Virtual Vows

Online Ordination— It's Free and It Takes Five Minutes

The Reverend Michael Smallman is in a panic: palms sweating, heart palpitating, the works. For the first time in his 27-year-old life, he'll be joining a couple in holy matrimony, and he has no idea what he's going to say, let alone wear. The bride and groom— both good friends of his— specifically requested that he officiate at their wedding, and while he's pleased and moved, he's also terrified.

"I was so freaked out when they asked me to do it," says Smallman, a stage electrician. "I told them it was a huge honor and that I deeply appreciated it, but that at any point they had the option to pull out. They didn't."

Smallman, whose long red hair, brown eyes, and flowing beard make him look like, as he puts it, "an Irish Catholic Jesus Christ," got himself ordained online via the Universal Life Church— a free, five-minute-long transaction. As every good hippie knows, the ULC, headquartered in Modesto, California, has been around since 1962 and advertises in the back of Rolling Stone. Its founder was the late Reverend Dr. Kirby J. Hensley. Tired of the hypocrisy in organized religion, he anointed himself "bishop" and started offering free mail-order certificates of ordination to anyone and everyone— including animals— regardless of race or religion. Since that time, nearly 16 million ordained reverends have been floating around the universe, among them Jim Jones, Lyndon Johnson, Lawrence Welk, and Phyllis Diller.

Five years ago, Brother Daniel Zimmerman, 50, saw the light and decided to set up a Web site from his home in Tucson (www.ulc.net). A spitfire whose voice rises and falls like the preacher he once was ("I could shout with the best of 'em"), Zimmerman fields nearly 15,000 requests a month, responding individually to each one. It is, he says, a full-time job, but who said God's work is easy? In New York City, online ordination has spread like, well, hellfire: the ULC gets about 5000 requests from New Yorkers per month, up from 3000 in December. "I think it has to do with Y2K and the end of the world," says Zimmerman, although, he muses, "If it's the end of the world, why would you need to be ordained?"

Like Smallman, most New Yorkers get ordained to play reverend for their friends, many of whom are marrying outside their religion or for the second or third time. "It has to do with the coming of age, of roles being redefined, of people having smaller, more intimate weddings," says Smallman. "They want the ceremony to be more meaningful by having a close friend officiate."

"We don't advise them that the knots are any tighter, but they are knots," adds the never-married Zimmerman.

Once ordained, new ministers can download credentials or mail away for a certificate with a gold-embossed seal (for a suggested "free-will" donation of $5). For $59, they can order Ministry in a Box, a sort of spiritual Happy Meal filled with a Doctor of Divinity degree, a certificate of Sainthood, the ULC handbook, suggested ceremonial readings, and, of course, incense. Special monikers are also available, among them Martyr, Lama, Brahman, Dervish, Soul Therapist, Existcreatologist, Astrotheologian, and King. Should church business occur during rush hour, an 8 1/2 x 5 1/2 ministers' car-window shield can be purchased for $5; flip it over and it's a press pass. The credentials are good for life, and ministers can conduct funerals, baptisms, weddings— everything except brisses, which only count if performed by a moyel, a title not offered by the church.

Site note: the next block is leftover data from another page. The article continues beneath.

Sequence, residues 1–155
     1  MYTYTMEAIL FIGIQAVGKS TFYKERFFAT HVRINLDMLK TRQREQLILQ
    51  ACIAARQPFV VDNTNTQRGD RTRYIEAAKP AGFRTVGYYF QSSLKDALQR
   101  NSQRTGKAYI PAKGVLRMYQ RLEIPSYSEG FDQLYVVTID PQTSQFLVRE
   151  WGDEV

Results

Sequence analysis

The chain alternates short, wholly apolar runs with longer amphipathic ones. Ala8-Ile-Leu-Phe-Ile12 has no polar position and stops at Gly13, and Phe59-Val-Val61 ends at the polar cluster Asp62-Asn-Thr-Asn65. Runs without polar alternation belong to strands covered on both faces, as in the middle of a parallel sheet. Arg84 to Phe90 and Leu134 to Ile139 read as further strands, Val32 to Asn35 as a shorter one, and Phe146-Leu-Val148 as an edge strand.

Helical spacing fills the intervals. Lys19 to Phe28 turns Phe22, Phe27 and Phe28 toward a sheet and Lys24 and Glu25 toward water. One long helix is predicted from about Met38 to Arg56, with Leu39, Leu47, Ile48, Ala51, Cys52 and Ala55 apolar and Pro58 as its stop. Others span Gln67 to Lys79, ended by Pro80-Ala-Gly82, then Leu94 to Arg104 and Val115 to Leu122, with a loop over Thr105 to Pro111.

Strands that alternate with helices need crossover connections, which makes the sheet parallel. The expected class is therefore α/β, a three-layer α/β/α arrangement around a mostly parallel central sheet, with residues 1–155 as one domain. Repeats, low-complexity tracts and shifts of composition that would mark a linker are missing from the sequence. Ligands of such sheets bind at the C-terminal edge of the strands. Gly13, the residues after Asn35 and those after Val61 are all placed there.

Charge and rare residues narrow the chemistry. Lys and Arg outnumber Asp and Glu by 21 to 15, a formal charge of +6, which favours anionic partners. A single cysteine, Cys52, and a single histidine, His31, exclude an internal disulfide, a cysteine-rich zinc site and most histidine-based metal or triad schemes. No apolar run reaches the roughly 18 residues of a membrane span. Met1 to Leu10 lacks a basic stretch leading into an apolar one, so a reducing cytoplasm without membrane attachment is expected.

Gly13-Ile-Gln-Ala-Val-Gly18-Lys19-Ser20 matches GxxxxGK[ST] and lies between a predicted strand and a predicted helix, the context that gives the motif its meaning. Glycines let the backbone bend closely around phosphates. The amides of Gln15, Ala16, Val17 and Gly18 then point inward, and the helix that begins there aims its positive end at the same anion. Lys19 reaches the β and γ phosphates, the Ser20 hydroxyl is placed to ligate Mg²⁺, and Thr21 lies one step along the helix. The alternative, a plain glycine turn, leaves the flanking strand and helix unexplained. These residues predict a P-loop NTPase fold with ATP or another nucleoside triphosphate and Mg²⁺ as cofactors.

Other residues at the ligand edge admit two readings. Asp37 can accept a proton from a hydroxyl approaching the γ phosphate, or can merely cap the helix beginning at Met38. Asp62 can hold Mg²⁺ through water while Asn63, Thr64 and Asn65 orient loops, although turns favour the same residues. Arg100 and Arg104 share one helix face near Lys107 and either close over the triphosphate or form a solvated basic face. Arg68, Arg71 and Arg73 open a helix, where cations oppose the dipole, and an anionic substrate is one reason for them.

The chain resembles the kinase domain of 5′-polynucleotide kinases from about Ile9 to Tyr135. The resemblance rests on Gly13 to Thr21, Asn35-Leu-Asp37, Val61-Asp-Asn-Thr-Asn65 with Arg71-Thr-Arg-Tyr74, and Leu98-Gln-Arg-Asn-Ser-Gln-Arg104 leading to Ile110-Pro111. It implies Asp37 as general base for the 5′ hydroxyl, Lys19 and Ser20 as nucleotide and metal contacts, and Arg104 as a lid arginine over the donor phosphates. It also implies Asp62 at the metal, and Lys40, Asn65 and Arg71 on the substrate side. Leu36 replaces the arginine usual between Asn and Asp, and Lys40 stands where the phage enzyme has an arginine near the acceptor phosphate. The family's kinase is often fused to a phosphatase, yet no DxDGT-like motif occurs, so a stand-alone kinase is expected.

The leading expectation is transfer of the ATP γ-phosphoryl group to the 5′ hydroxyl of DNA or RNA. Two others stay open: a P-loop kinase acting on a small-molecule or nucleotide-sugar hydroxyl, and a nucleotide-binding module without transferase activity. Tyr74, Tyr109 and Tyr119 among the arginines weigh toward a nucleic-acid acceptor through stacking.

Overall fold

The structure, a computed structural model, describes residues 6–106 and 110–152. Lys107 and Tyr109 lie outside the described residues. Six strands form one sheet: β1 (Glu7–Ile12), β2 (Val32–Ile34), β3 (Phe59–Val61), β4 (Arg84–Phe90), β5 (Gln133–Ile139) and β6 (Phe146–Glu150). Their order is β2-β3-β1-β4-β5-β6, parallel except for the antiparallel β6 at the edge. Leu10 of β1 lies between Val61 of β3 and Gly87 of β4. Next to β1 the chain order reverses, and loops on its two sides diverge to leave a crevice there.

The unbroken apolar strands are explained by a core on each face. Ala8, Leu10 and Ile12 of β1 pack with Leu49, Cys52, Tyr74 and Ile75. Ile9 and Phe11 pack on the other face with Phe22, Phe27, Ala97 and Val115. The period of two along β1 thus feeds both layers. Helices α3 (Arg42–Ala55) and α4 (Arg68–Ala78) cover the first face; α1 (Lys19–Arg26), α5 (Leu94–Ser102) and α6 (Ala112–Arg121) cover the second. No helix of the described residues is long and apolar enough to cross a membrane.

Whether or not ULC ordination is legal in Manhattan is currently up for debate. Some wannabe ministers have been able to register with the city clerk by simply wandering into the office and filling out paperwork; others have had to provide notarized letters of good standing from the church, a list of ULC congregations in New York City, and copies of the church's Articles of Incorporation. Still others are turned down: "No one in the five boroughs is allowed to marry [other people] without our permission, and we don't recognize the Universal Life Church," says clergy registrar Audrey Spark. "A lot of people call or come in and I have to reject them. We don't even look at their paperwork."

Her news comes as a surprise to those who've been hitched by ULC ministers. "The IRS thinks I'm married," says Jennifer Newton, director of conference services and programming at Fortune magazine, who was married in 1997 by former MTV VJ­ULC minister Adam Curry. "After the wedding I sent in the marriage license, and it was accepted. Can they go back on that?"

Zimmerman is also miffed by Spark's comments. "No state may refuse to allow the ULC to conduct its affairs," he says, threatening to appear on Howard Stern and "do something really wild and challenge the State of New York." He cites a 1983 case in which a ULC minister married a North Carolina couple.

After they separated, the husband remarried, claiming his first marriage wasn't legal. "Really, it was a bigamy case and the woman sued," says Zimmerman. "We lost and then appealed to the North Carolina Supreme Court and won." The church is currently seeking legal counsel for its New York situation.

Smallman would like the discrepancy to be resolved. He is taking the plunge in August and, as a ULC minister, has the power to ordain the reverend-to-be— which he'd like to do. As things stand, though, a City Hall official will preside.

 
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